CORRIGAN FAMILY GENEALOGY

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The Yacht Idler

 

Newspaper Articles On The Sinking Of The Yacht "Idler"

 

Taken from the next day's newspaper

 

July 8th   July 9th   July 10th   July 11th   July 12th   July 13th   July 16th   July 17th   July 19th   July 20th  

July 21st to August 2nd 1900       September 29th to October 17th 1900

Court Case of Captain Holmes

 

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IDLER'S CAPTAIN IS UNDER ARREST.

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Master of the Ill Fated Yacht Taken Into Custody
on the Charge of Manslaughter.

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The Testimony at the Coroner's Inquest Shows That
He Did Not Prepare for the Gale.

 

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"Keep Canvas on and Have a Little Excitement,"
Capt. Holmes Said to Mate Samuel Biggam.

               

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      Capt. C. H. Holmes, who was in command of the yacht Idler when it sank, July 7, is under arrest on the charge of manslaughter. He will be examined by the United States grand jury in October for the negligence which he is alleged to have shown when six persons in his care perished.

      The coroner yesterday began his investigation into the cause of the disaster. The testimony produced was exceedingly sensational.

      The mate, Samuel Biggam, said, among other things:  "About ten or fifteen minutes before the squall struck us I asked the captain if we hadn't better take in some canvas, but he said, "keep it on and have a little excitement."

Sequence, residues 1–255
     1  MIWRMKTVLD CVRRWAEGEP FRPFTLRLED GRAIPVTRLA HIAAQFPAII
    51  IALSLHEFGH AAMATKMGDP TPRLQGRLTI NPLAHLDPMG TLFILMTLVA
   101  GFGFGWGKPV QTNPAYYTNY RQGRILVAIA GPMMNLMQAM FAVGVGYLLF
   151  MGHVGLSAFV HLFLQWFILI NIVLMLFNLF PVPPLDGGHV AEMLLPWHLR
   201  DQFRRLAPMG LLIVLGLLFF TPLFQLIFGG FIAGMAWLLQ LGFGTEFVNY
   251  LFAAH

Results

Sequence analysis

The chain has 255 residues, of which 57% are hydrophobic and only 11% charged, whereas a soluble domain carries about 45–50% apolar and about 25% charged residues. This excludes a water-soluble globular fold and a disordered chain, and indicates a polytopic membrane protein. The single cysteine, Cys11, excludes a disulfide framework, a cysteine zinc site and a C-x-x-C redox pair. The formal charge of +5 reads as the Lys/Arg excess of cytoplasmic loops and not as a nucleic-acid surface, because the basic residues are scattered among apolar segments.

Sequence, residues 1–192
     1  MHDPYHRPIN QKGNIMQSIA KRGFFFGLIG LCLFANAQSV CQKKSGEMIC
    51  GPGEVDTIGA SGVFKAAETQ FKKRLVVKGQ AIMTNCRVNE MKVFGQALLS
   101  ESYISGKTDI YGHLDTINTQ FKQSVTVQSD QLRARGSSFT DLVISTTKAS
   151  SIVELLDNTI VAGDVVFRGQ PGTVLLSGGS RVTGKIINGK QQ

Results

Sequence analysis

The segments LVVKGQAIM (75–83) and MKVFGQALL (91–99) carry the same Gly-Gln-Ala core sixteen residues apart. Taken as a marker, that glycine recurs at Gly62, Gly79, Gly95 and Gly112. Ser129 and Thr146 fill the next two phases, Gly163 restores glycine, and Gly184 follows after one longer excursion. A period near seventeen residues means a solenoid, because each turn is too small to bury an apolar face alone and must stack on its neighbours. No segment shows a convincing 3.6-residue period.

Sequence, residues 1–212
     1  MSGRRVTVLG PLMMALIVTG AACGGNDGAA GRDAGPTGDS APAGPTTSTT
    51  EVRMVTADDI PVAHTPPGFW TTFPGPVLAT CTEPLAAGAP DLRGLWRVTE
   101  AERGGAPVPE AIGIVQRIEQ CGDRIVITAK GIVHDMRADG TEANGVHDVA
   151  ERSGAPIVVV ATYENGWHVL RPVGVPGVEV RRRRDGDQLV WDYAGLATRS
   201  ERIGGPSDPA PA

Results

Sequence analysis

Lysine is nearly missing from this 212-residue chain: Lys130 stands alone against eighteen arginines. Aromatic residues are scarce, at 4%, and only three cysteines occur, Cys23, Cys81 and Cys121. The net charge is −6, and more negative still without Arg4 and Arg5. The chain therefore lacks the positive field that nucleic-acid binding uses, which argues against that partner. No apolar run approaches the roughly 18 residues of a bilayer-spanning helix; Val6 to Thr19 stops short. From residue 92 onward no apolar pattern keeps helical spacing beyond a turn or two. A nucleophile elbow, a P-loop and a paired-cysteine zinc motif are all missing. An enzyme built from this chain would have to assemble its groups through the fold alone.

The testimony of certain other of the sailors went on to show that the members of the crew are of the opinion that not enough sails were taken in.

      There was no evidence presented which would tend to show that after the yacht capsized not enough efforts were made to save the lives of the women.

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NO PROOF, SAYS HOLMES.

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                  Captain of the Idler Declares the Charges Do Not Amount to a Hill of Beans.

 

 

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    Charles Holmes, captain of the ill fated yacht Idler, was arrested late yesterday afternoon by Deputy United States Marshal Keeley of the charge of manslaughter.

     The arrest was made under a United States statute, which provides that every captain or other person employed on a vessel, by whose misconduct, negligence or inattention to his duties on such vessel, the life of any person is destroyed, shall be deemed guilty of manslaughter, and upon conviction thereof before any circuit court of the United States shall be sentenced to confinement at hard labor for a period of not more than ten years.

      The arrest of Capt. Holmes was made at the request of Capt. James Corrigan, owner of the yacht Idler, and was the result of the inquiry into the cause of the wreck that was made at the law offices of Goulder, Holding & Masten last week. During the investigation testimony of members of the crew was taken in secret. Capt. James Corrigan has blamed Capt. Holmes for the wreck from the start and the night after the yacht went down he declared that the sinking of the vessel and the loss of six lives was due to the criminal negligence of Capt. Holmes.

      During the past two or three days members of the firm of Goulder, Holding & Masten have held several conferences with United States District Attorney Sullivan and furnished him with a transcript of the testimony regarding the wreck taken at their offices last week. After carefully investigating the matter Mr. Sullivan decided that it was his duty as a United States official to begin criminal proceedings against Capt. Holmes.   

      The affidavit making charges against Capt. Holmes was sworn to by deputy United States Marshal Keeley, and reads as follows: